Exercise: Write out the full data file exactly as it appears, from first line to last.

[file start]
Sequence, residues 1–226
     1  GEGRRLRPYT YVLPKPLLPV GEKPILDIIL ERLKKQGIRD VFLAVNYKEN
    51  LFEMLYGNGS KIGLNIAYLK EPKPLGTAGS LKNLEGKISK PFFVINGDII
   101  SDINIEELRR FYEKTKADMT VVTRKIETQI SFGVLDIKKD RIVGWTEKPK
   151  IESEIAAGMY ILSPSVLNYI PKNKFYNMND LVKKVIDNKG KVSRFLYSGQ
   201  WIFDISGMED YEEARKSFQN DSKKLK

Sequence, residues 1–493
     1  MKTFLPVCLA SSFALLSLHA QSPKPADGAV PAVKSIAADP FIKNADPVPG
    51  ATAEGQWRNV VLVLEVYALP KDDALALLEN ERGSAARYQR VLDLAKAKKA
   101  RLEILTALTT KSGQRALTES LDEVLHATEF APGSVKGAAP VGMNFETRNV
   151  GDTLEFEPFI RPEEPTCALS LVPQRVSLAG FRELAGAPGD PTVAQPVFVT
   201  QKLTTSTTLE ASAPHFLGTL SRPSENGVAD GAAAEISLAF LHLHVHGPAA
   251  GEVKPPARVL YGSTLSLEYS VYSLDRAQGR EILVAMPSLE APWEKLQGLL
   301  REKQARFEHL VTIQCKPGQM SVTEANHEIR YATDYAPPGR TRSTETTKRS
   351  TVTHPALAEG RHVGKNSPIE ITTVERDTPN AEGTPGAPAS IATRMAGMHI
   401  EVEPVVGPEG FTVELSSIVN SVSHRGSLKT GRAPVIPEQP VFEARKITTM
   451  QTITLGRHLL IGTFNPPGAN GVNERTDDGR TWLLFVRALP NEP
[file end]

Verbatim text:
Sequence, residues 1–226
     1  GEGRRLRPYT YVLPKPLLPV GEKPILDIIL ERLKKQGIRD VFLAVNYKEN
    51  LFEMLYGNGS KIGLNIAYLK EPKPLGTAGS LKNLEGKISK PFFVINGDII
   101  SDINIEELRR FYEKTKADMT VVTRKIETQI SFGVLDIKKD RIVGWTEKPK
   151  IESEIAAGMY ILSPSVLNYI PKNKFYNMND LVKKVIDNKG KVSRFLYSGQ
   201  WIFDISGMED YEEARKSFQN DSKKLK

Sequence, residues 1–493
     1  MKTFLPVCLA SSFALLSLHA QSPKPADGAV PAVKSIAADP FIKNADPVPG
    51  ATAEGQWRNV VLVLEVYALP KDDALALLEN ERGSAARYQR VLDLAKAKKA
   101  RLEILTALTT KSGQRALTES LDEVLHATEF APGSVKGAAP VGMNFETRNV
   151  GDTLEFEPFI RPEEPTCALS LVPQRVSLAG FRELAGAPGD PTVAQPVFVT
   201  QKLTTSTTLE ASAPHFLGTL SRPSENGVAD GAAAEISLAF LHLHVHGPAA
   251  GEVKPPARVL YGSTLSLEYS VYSLDRAQGR EILVAMPSLE APWEKLQGLL
   301  REKQARFEHL VTIQCKPGQM SVTEANHEIR YATDYAPPGR TRSTETTKRS
   351  TVTHPALAEG RHVGKNSPIE ITTVERDTPN AEGTPGAPAS IATRMAGMHI
   401  EVEPVVGPEG FTVELSSIVN SVSHRGSLKT GRAPVIPEQP VFEARKITTM
   451  QTITLGRHLL IGTFNPPGAN GVNERTDDGR TWLLFVRALP NEP